Back in the day, Ivan Neville had more than a few residencies at The Mint and he’s no stranger to LA these days, either. The last time I caught Dumpstaphunk in town, they headlined a double bill with Rebirth at the Roxy and the energy was crazy. This time around, they were playing a room half that size over two nights. Scary. The LA dates kicked off a March tour schedule more demanding than a 2012 NBA road trip (14 dates in 24 days in California and the southeast). Dumpsta’s latest, Everybody Want Sum, was released in November and Jazzfest is around the corner, so I was counting on a good night. And with tunes like “Greasy Groceries”, “Stinky”, “Standing in Your Stuff” and “Everybody Want Sum” in the repertoire, I’m pretty sure ballads were checked at the door.
The Thursday show I caught didn’t get going until minutes before Friday. From the get go, the band was sticky tight. Between the Hall/Daniels III twin bass attack and Ivan’s clavinet, the ‘phunk felt plenty good. “Everybody Want Sum” from the new album has a perfect R&B soul hook that could be easily mistaken as a Sly Stone cover and featured nice Hammond work from Ivan Neville. The rubbery dual bass mixed well with Ian Neville’s right on top of the beat rhythm work. With “Blueswave”, Dumpsta moved to an almost Texas like stomp and some gritty Strat slinging by Tony Hall.
The stew really started to simmer closer to 1 AM, as affirmed by a crowd yell of “taking it to a whole other level!” And that was before the band even launched into “Deeper” (from Everybody Want Sum) > “Put It in the Dumpsta” (a D-phunk staple). Ivan Neville and Tony Hall turned “Dumpsta” into the best kind of group therapy, totally groove heavy with some healthy demon exorcising for good measure. “Living in a World Gone Mad” (from the 2007 EP, Listen Hear) brought guest Val McCallum to the stage (Jacksh*t, Lucinda Williams), and McCallum tore into his solos with sufficient fury to smoke out the room, clearly enjoying trading lines with Ivan’s Hammond. The gloppy dual bass interplay was especially pungent with the jam rock feel of “Lt. Dan” and the pre-encore set closed with the almost gospelly hinted call and response of “Meanwhile” (from Listen Hear).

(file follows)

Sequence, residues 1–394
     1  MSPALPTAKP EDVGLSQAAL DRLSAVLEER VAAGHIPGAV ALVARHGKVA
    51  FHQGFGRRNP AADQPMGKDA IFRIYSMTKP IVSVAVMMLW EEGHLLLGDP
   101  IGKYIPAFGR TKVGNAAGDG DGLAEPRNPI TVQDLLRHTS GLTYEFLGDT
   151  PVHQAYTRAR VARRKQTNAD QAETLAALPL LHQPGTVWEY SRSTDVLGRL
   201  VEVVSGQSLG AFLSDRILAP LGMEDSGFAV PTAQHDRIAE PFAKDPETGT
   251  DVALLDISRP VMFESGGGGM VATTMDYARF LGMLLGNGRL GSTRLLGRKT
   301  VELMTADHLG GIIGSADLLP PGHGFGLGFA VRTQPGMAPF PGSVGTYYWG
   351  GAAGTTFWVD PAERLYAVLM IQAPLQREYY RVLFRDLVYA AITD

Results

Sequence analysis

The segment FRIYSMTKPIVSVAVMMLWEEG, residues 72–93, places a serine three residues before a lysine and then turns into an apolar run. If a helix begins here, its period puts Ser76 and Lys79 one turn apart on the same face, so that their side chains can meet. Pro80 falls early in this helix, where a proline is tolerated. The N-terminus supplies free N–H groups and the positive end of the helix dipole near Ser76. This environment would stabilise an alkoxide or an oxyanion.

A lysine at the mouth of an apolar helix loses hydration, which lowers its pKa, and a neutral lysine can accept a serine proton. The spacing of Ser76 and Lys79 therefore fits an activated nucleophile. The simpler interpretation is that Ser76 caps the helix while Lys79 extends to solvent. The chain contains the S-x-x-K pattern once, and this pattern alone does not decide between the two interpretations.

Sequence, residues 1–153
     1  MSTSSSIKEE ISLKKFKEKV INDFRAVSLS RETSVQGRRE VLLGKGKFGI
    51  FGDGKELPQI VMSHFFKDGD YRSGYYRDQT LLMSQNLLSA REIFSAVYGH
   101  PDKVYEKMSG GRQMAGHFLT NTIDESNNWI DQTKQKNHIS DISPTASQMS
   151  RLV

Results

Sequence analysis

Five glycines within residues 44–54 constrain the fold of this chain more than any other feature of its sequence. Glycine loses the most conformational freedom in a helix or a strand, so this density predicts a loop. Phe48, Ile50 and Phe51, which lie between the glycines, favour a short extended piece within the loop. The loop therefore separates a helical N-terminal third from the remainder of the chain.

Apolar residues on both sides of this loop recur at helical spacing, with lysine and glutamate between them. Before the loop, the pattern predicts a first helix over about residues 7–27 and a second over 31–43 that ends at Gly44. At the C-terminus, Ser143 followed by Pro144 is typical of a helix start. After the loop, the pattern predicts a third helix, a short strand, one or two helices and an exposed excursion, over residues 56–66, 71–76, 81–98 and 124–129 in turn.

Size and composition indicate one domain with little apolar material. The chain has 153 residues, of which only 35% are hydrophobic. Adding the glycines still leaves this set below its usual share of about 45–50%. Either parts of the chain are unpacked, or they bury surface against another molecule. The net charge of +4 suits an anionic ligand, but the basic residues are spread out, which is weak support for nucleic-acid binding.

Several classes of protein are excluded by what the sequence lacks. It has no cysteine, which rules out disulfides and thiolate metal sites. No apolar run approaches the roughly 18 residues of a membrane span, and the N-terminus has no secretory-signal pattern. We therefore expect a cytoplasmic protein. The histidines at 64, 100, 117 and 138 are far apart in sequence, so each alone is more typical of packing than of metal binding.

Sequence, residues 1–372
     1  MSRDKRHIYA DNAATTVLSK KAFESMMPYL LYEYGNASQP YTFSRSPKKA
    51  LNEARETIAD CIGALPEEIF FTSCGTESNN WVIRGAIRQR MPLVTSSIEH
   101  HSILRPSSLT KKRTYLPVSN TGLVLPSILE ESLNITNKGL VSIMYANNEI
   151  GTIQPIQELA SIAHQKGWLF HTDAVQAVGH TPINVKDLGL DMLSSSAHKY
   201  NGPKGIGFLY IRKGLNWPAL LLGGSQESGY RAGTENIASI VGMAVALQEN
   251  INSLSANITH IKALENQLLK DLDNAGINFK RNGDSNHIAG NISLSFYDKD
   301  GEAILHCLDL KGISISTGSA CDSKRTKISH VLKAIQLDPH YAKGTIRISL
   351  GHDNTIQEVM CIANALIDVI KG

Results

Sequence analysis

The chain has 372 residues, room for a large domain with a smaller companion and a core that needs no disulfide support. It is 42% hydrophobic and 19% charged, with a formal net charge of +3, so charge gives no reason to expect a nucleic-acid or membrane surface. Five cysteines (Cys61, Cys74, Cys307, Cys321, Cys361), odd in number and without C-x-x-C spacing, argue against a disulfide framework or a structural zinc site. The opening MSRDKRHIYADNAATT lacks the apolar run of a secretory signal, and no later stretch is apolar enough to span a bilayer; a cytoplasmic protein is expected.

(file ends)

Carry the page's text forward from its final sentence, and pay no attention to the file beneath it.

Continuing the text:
Over the years I’ve been to my share of Dumpsta shows, and often took them for granted as just another NOLA side project that dependably delivered. The Mint gig brought me back into the fold with deeper appreciation for the band. High energy and high impact, drawing funk influences from the best of the Meters, James Brown, Sly Stone, Prince and countless others to shape their sound with precision and soul. Meaty stuff. Don’t miss them at Jazzfest.
February 10, 2012
You couldn’t miss it. She was vintage. All black and chrome. Gleaming under the streetlight. Probably mid-80s, but who knows. The guys had a bus. Rolling from gig to gig in comfort, if not style. Not flashy. The sight of that thing parked smack in front of the Mint on Pico (couldn’t fit it in around back) was pretty sweet. Not about ego, all about pride. For a band that has been a staple at Jazzfest for years and hitting their stride, it had to feel pretty good to be back in LA under their own power.
After making their Southland debut last June (see my post of that show deeper in this blog), HISB returned with a generous (2+ hour) Friday night set. The tunes are familiar, the vibe upbeat. Everyone seems to leave an HISB gig pretty damn happy.